Technology is Literally Making Millennials Physically Weaker

If you thought the only long-term consequences of your smartphone habit were a serious case of FOMO and a Tinder addiction, think again.

It seems that all those miles we log on our phones swiping left and right are not doing our hands any favours.

A study published in the Journal of Hand Therapy from North Carolina measured the grip strength of 237 millennials between the ages of 20 and 34.

The researchers found that the average grip strength of millennials was well below the average from 30 years ago.

The men between 25 to 29 years old could squeeze about 120 pounds with their right hands in 1985, but now can only squeeze around 95 pounds. For women 20 to 24 years old, the average right grip strength was lower by more than 11 pounds.

The findings aren’t all that surprising considering how millennials live and work, said lead author Elizabeth Fain, assistant professor of occupational therapy at Winston-Salem State University.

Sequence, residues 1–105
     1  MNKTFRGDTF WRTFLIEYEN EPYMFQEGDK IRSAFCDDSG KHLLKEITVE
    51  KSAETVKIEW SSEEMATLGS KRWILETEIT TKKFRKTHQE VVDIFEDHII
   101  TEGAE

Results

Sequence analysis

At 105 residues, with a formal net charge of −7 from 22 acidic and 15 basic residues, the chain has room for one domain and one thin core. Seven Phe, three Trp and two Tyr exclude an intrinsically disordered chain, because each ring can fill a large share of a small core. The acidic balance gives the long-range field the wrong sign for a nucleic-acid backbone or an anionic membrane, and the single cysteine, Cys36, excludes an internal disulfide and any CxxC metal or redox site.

“Now, a lot of jobs are in technology, using technology a lot throughout the day, and most millennials are using smartphones,” Fain told TODAY. “They’re not using their hands as much as they were when they had to work in agricultural or manufacturing jobs, or had more physical chores.”


With weaker hands comes a higher chance of injury, particularly inflammation in our thumbs thanks to all that swiping. There’s even a nickname for the condition – iPhoneitis.

So what’s a poor weak-handed millennial to do? Well, you can start by doing some simple hand exercises. Get yourself an old-fashioned stress ball and go to town. Or, if you’re looking for a new hobby, try indoor rock climbing. Hand strength is crucial to the sport and will tone up those digits in no time.